تجزیه و تحلیل تغییر اعلام نشده رژیم ارز
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Publisher : Elsevier - Science Direct (الزویر - ساینس دایرکت)
Journal : Economic Systems, Volume 36, Issue 1, March 2012, Pages 145–157
Starting in 2004 the Guyanese foreign exchange rate has been remarkably stable relative to earlier periods. This paper explores the reasons for the stability of the rate. First, the degree of concentration in the foreign exchange market has increased, thus making the task of moral suasion relatively straightforward once this policy tool comes to bear on the dominant trader(s). Second, long-term or non-volatile capital inflows make the exchange rate less susceptible to sudden reversal. Third, commercial banks, the dominant foreign exchange traders, have large outlays of assets in domestic currency, thus their desire for exchange rate stability. The econometric exercise is consistent with the notion that trader market power has contributed to lower volatility in the G$/US exchange rate. The paper also presents a model that analyzes monetary policy effects in the presence of a mark-up or threshold interest rate.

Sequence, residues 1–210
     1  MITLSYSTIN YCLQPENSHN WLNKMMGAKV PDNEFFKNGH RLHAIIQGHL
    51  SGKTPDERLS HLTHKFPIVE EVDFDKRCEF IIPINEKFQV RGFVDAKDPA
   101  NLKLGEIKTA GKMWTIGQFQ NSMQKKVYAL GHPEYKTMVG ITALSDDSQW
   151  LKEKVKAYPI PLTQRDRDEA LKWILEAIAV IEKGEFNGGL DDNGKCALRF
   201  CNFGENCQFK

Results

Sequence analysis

As part of a broad macroeconomic reform agenda implemented in 1988, Guyana adopted a floating exchange rate in 1990 (Egoume-Bossogo et al., 2003 and Thomas and Rampersaud, 1991). The parallel or street rate was merged with the official rate as one aspect of comprehensive macroeconomic and financial sector reforms. A notable spread, prior to 1990, existed between the official and parallel rates; however, as the reforms intensified the spread declined and the rates converged (Fardmanesh and Douglas, 2008). The agenda of foreign exchange market reform was not limited to Guyana. Instead, it was a widespread reform movement in other parts of the world such as the Caribbean and African economies (Fardmanesh and Douglas, 2008 and Galbis, 1993). The banking and financial sector reforms pursued in Guyana included: promoting financial market development, decontrolling interest rate, implementing market-based monetary policy through a Treasury bill auctioning framework, privatizing state-owned banks, and dismantling direct credit schemes (Das and Ganga, 1997 and Egoume-Bossogo et al., 2003). Starting from around 2004, despite the extensive nature of the financial reforms, the exchange rate moved from a relatively flexible to a virtually fixed rate.1 This regime shift went unnoticed to most except the IMF which started to classify Guyana as having a de facto pegged exchange rate regime (IMF, 2006). Heretofore, the academic literature has not analyzed this silent transition; thus this paper intends to make a contribution in that regard. However, using a probit model, Hagen and Zhou (2005) examine the factors allowing for a divergence between de facto and official exchange rate regimes in twenty-five Transition economies. They argue that it is less costly to adjust the de facto exchange rate because less commitment is required. Upon examination of the institutional features of the foreign exchange market, the paper argues that this market is highly concentrated where a few commercial banks dominate the trading of foreign currencies. Therefore, we postulate that trader market power and high concentration (in the foreign exchange market) helps in the stabilization of the rate. In addition, given that commercial banks, in the aggregate, possess a large portfolio of assets in domestic currency (loans, Treasury bills and excess reserves), it is not in their interest to see the nominal exchange rate depreciate rapidly because of the potential inflation pass-through. Therefore, to the extent that moral suasion is used as a monetary management tool, it is more likely to succeed given the institutional features of the Guyanese foreign exchange market.2 Moreover, the paper also hypothesizes that the nature of capital inflows facilitates and buttresses the market power role of the commercial banks in stabilizing the rate.3 Portfolio or hot money inflows are very small relative to stable long-term capital inflows. The latter include foreign direct investments, remittances, aid funds, and multinational loans. Remittances form an important source of foreign exchange inflows; therefore, to the extent the altruistic motive to remit is dominant, this form of foreign exchange inflow eases the exchange rate volatility and reinforces the strategic exchange rate formation role of the large commercial bank traders.4 The paper adopts a three-tier methodology to present its case. Firstly, we present a narrative approach outlining stylized facts and features of the Guyana foreign exchange market. Secondly, we present a simple model that illustrates how a threshold domestic interest rate influences the central bank's management of commercial bank reserves (as is done under the financial programming model). The threshold is identified by an aggregate commercial bank liquidity preference curve that becomes flat at the interest threshold, which is assumed to be a mark-up over the foreign interest rate. Thirdly, we provide some econometric evidence which models exchange rate volatility and concentration as measured by the Herfindahl–Hirschman index. The paper is structured as follows. Section 2 presents background information that outlines the de facto pegged rate and other key macroeconomic variables. Section 3 examines the composition of capital inflows. Section 4 explores the structure and features of the foreign exchange market. Section 5 presents several arguments why the rate stabilized. Section 6 presents a theoretical model which shows that a binding threshold mark-up interest rate could generate a stable exchange rate in the presence of monetary expansion. Section 7 provides econometric evidence that shows that exchange rate volatility is negatively related to concentration (the market power thesis). Section 8 concludes. This study focuses on Guyana because the unannounced exchange rate regime change presents an opportunity for this type of analysis. Furthermore, we were only able to obtain micro level data on foreign exchange traders for Guyana in order to calculate the Herfindahl–Hirschman index (HHI) for the said economy. However, the banks’ liquidity preference curves – central to the analysis of this paper – can be found for other economies in addition to Guyana (see Khemraj, 2006).